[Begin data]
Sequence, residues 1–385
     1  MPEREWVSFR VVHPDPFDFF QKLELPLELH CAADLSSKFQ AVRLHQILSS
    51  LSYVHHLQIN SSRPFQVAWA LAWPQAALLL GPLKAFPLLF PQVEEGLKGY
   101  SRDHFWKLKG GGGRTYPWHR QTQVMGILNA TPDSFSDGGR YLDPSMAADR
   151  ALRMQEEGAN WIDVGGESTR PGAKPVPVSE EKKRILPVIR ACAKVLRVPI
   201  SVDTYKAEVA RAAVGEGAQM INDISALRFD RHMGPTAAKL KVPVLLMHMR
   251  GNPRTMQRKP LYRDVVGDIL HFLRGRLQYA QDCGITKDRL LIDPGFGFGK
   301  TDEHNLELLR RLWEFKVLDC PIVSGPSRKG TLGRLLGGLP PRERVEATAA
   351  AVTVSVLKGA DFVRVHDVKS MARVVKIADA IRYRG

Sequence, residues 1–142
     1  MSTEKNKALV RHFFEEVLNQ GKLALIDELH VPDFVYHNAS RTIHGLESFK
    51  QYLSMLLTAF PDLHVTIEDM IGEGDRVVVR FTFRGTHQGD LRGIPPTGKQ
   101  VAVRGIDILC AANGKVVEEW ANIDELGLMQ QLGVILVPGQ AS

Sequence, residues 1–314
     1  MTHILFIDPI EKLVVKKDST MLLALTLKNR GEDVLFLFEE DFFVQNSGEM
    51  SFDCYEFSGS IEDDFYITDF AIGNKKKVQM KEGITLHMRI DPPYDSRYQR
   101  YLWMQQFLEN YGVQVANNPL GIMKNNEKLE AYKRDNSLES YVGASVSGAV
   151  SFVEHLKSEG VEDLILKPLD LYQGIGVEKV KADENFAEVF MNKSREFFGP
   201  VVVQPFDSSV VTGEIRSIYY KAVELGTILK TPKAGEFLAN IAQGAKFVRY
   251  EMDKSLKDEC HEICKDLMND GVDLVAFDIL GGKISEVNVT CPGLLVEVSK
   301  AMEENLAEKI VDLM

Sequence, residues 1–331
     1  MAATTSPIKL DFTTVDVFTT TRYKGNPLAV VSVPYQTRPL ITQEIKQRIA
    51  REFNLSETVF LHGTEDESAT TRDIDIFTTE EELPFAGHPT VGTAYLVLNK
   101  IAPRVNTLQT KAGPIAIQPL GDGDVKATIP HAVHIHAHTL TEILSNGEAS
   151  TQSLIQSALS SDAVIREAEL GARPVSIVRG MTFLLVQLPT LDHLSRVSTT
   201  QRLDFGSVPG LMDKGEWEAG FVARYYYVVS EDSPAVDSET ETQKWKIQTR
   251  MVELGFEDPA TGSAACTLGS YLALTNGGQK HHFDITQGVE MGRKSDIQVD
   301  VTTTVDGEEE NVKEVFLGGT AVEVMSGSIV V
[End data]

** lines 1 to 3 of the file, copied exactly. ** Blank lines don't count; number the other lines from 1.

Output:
Sequence, residues 1–385
     1  MPEREWVSFR VVHPDPFDFF QKLELPLELH CAADLSSKFQ AVRLHQILSS
    51  LSYVHHLQIN SSRPFQVAWA LAWPQAALLL GPLKAFPLLF PQVEEGLKGY